Absolutely. I completely agree with that. And that kind of brings it on as well to one of the other points that I really wanted to raise is that making sure that learners are able to engage with the trainers something that I think can be missed sometimes in kind of the E learning industry when we are disconnected from people, we need to learn how to bring that human contact back into it again. So whether that’s just having them make webinars, or make videos of themselves while they’re showing you through things, or having that social learning aspect where it makes sense, so that colleagues can discuss and talk it just makes it so much more, I dont know, like visceral, this is how we learn with people and so we have to make it so that we get that human interaction in order to make things stick.
Yeah, absolutely. Well, listen, all this conversation on the learning experience makes me want myself to go down the rabbit hole. I’m taking you! That’s where we’re getting off! Let’s go down it. So what we’re going to do to go down that rabbit hole, we’re going to jump right into it, right now, we’ve got an incredible interview from one of our longtime partners at the Brandon Hall Group, and we’re going to send you over that interview now. Enjoy.
Welcome back, everybody. Today, we’re excited to be joined by David Wentworth, Principal analyst at the Brandon Hall Group. David, welcome to the learning elevated podcast.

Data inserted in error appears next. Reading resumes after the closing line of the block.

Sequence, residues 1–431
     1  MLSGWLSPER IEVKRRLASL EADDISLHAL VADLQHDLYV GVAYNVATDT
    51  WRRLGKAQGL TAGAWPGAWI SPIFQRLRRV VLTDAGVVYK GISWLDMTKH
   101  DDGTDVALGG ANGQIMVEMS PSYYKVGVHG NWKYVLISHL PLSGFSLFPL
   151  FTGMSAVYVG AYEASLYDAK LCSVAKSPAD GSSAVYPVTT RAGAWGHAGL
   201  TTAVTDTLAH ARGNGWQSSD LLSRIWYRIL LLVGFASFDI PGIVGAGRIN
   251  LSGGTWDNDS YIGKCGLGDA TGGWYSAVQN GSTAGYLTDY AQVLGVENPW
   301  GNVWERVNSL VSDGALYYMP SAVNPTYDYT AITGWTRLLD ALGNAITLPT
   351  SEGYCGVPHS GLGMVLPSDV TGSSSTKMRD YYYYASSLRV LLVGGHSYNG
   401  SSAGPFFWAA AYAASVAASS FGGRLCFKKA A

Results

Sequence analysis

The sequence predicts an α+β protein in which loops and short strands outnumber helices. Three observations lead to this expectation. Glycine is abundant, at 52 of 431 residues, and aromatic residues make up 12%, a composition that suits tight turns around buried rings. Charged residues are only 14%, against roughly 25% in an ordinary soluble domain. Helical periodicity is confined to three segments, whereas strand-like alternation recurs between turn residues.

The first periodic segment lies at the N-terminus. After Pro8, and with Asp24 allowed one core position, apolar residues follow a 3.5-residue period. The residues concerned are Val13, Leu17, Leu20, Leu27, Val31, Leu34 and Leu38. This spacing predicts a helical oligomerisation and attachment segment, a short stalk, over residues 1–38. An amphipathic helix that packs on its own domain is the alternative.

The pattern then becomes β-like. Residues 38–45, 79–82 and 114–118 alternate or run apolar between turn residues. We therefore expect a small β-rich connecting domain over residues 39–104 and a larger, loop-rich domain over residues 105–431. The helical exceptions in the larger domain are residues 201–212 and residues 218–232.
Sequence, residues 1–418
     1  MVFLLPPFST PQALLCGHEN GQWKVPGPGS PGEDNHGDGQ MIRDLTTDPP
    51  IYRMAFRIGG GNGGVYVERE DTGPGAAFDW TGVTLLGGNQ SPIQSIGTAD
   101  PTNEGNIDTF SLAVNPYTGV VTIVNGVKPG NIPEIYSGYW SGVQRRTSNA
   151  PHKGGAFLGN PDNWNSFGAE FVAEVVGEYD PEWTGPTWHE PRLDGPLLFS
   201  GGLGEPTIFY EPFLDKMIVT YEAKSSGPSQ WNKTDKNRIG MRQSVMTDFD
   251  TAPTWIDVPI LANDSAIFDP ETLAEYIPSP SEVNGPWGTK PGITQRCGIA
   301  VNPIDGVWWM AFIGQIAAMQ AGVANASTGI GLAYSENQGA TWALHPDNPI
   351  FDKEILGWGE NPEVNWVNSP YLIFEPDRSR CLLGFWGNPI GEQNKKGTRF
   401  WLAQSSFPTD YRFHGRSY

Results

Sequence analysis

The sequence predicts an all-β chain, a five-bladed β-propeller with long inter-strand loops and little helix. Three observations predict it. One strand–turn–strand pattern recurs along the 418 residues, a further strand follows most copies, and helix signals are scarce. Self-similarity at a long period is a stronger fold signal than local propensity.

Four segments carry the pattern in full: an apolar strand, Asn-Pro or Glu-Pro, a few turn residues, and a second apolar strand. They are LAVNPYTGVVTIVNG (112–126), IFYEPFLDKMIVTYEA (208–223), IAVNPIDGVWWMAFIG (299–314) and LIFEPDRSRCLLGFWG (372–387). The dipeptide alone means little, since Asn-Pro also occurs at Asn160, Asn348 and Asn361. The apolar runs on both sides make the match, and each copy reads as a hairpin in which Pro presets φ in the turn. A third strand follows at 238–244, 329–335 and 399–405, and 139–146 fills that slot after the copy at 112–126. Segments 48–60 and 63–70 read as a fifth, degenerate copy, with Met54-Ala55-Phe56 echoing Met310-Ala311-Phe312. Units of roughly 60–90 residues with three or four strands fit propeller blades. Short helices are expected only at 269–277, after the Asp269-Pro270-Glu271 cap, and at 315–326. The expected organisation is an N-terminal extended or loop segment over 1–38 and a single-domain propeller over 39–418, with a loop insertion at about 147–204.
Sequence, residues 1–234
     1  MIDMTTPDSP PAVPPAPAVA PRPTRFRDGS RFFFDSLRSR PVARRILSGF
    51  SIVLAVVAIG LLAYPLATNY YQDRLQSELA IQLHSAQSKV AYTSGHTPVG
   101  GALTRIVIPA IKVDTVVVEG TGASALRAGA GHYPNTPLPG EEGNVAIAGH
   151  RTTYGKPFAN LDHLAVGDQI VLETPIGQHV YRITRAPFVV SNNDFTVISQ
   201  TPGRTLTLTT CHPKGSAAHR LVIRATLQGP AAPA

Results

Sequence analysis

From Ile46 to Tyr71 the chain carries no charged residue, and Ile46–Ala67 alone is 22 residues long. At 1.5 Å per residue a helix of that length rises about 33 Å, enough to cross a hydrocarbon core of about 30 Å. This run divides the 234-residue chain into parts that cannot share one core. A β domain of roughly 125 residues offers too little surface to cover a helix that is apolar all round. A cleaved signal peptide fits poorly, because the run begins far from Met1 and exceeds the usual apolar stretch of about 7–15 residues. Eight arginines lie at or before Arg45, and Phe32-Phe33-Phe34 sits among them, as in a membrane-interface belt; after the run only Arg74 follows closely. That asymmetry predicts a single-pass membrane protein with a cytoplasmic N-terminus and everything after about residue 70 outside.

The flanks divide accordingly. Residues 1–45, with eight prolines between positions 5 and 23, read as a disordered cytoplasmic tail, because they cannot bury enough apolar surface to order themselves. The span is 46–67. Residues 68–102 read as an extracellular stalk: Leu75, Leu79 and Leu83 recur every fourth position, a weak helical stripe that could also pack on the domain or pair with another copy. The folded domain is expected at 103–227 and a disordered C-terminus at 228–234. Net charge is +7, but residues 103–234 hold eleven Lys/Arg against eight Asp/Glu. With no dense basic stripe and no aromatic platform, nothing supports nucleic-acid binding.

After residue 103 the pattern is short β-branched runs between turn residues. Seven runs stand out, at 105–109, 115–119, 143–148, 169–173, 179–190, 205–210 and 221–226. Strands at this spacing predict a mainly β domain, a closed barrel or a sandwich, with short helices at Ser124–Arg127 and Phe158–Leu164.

David Wentworth 7:36
Well, thanks so much for having me. Happy to be here.
So let’s start pretty simple. And by simple I also realize that this might turn into a bit of a larger answer, but generally speaking, what is a learner experience when it comes to enterprise learning?
David Wentworth 7:50
Wow, you know, I think one of the first things is to really lay out what it isn’t. I think there’s a lot of focus on sort of the technology experience for a lot of learners and you know, well, that’s part of the learner experience that’s really specifically user experience, right? Let’s make the technology easy to use, you know, the right number of clicks, the colors are good, all that. That’s that user experience. And it’s important, but it’s really just one piece of a much broader approach to learning, which is this learner experience. And it goes from start to finish, say, oh, there’s a piece of the strategy or the learning strategy are important to the learner experience. Obviously, the way we deliver the content that we’re using, and how we’re using that even the way we measure learning has a big impact on the learner experience. So it’s a pretty all encompassing concept. And I think what you’re seeing is a lot of companies really recognizing that they need to move beyond user experience and think about it, because they’re looking at this also. They’re thinking about their customer experience. They’re thinking about their overall employee experience. And so this is a big part of that and it’s really, yeah, a big sum of a lot of smaller moving parts.
Now, we know you’ve done lots of research on high impact and low impact organizations in your learner experience survey, so have you noticed what sets high impact businesses apart, in terms of delivering a great learner experience?
David Wentworth 9:18